News

Family of woman who had DNR order put in her notes without her knowledge is refused right to challenge its legality

BMJ 2012; 345 doi: http://dx.doi.org/10.1136/bmj.e8689 (Published 27 December 2012) Cite this as: BMJ 2012;345:e8689
  1. Clare Dyer
  1. 1BMJ

The family of a woman who had a “do not resuscitate” notice placed in her medical notes without her knowledge has been refused permission to challenge the lawfulness of the decision in the High Court.

Mrs Justice Nicola Davies held that the DNR notice in 63 year old Janet Tracey’s notes had had “minimal causative effect” because it was cancelled five days later without being put into effect, after her family discovered it.

A new notice placed in her records three days later and two days before she died followed consultation with the family members, although they had been unwilling to discuss it with her, the judge decided after a fact finding hearing.1

Tracey was admitted to Addenbrooke’s Hospital in Cambridge after a head-on car collision in which she fractured her neck. Around two weeks earlier she had been given a diagnosis of terminal lung cancer.

Her husband, David, launched proceedings against Cambridge University Hospitals NHS Foundation Trust, claiming that the trust had breached its own policy on DNR notices and violated her human rights.

He also named the health secretary as a defendant, with the aim of forcing the government to introduce a nationwide police on DNR notices. Current guidance from the BMA, the Resuscitation Council UK, and the Royal College of Nursing says that doctors need not discuss DNR decisions with the patient or family if the clinicians believed that attempts to resuscitate would be futile.2

Tracey’s family hoped that the case would clarify whether a patient with full mental capacity had a right to be informed before a DNR notice was drawn up and whether the family had a right to be consulted.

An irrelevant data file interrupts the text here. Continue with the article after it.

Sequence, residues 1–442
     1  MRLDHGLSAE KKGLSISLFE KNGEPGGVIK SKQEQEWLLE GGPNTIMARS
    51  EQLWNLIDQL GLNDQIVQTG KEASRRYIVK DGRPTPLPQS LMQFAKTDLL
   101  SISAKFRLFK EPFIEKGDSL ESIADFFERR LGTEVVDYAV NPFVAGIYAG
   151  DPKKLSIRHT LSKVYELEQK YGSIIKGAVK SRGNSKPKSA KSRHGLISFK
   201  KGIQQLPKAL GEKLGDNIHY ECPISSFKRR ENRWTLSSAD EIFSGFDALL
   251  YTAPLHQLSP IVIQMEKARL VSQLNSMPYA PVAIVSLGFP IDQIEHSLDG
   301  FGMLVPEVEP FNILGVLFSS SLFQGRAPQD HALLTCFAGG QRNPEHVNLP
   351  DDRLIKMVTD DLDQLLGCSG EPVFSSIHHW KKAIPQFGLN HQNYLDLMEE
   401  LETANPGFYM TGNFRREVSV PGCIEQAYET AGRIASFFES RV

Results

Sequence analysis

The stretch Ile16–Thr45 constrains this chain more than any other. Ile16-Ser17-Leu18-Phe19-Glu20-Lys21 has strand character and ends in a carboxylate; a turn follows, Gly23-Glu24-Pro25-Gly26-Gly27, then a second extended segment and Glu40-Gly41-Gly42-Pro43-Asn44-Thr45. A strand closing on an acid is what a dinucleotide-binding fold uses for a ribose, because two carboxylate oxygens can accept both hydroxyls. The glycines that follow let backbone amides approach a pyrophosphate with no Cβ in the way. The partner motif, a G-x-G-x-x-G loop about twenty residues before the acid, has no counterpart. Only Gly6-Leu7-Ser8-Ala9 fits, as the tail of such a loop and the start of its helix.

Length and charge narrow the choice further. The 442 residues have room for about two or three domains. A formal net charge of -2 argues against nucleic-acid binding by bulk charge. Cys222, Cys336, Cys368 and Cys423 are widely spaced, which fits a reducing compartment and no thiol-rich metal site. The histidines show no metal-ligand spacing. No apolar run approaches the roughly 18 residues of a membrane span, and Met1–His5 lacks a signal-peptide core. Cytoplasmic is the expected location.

But the judge said that it would be neither “appropriate nor proportionate” for the case to go ahead, in the light of the limited factual findings.

Philip Havers QC, for the family, said that the issue was not academic but of real concern to patients, their families, and doctors. For the trust, Edward Faulkes QC agreed that there was a public interest in the issue but argued that it did not justify the court’s involvement in rewriting policy.

Giving her judgment, the judge said that going ahead with a hearing would involve the court in grappling with issues of policy and clinical decision making on the basis of limited evidence, which would not serve the public interest.

She refused David Tracey permission to appeal, but it remains open to him to ask the Court of Appeal to consider his case.

His solicitor, Merry Varney of the law firm Leigh Day & Co, said, “We are astounded and disappointed by this decision to dispense with the legal hearing. While the judge found that a DNR order was placed on the file of our client’s late wife—a woman with full mental capacity who had expressed a wish to be kept informed—without her knowledge or without any consultation with her, the judge further found that it is neither appropriate nor proportionate to look further at the legal issues that arise from this.

“We shall be seeking an appeal and remain confident that the lawfulness of imposing such an order on a patient is a matter the court should consider.”

Notes

Cite this as: BMJ 2012;345:e8689

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